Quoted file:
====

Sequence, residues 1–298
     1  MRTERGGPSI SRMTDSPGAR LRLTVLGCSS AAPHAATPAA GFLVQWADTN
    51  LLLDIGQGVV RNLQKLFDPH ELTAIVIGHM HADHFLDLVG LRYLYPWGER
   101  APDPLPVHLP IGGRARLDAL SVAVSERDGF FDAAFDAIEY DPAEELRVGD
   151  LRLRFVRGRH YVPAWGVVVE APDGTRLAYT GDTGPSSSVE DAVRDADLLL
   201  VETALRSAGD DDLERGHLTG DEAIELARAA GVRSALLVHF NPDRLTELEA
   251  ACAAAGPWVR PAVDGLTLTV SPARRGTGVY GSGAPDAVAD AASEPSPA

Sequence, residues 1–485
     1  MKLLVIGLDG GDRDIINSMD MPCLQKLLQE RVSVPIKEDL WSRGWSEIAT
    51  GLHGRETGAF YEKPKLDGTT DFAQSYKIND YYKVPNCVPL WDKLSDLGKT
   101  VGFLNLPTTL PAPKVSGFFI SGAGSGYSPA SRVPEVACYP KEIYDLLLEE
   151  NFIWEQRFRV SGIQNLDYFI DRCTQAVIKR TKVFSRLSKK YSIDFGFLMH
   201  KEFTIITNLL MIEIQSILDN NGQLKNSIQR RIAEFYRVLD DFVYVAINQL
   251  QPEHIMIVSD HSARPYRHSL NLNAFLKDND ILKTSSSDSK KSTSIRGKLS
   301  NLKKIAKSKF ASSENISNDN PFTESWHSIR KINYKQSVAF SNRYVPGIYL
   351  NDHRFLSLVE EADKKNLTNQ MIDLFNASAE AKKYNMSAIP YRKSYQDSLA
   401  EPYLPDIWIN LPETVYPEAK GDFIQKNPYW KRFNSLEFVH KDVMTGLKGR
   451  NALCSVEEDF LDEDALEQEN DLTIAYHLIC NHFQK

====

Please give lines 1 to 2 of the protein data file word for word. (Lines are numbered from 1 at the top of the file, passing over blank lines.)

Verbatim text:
Sequence, residues 1–298
     1  MRTERGGPSI SRMTDSPGAR LRLTVLGCSS AAPHAATPAA GFLVQWADTN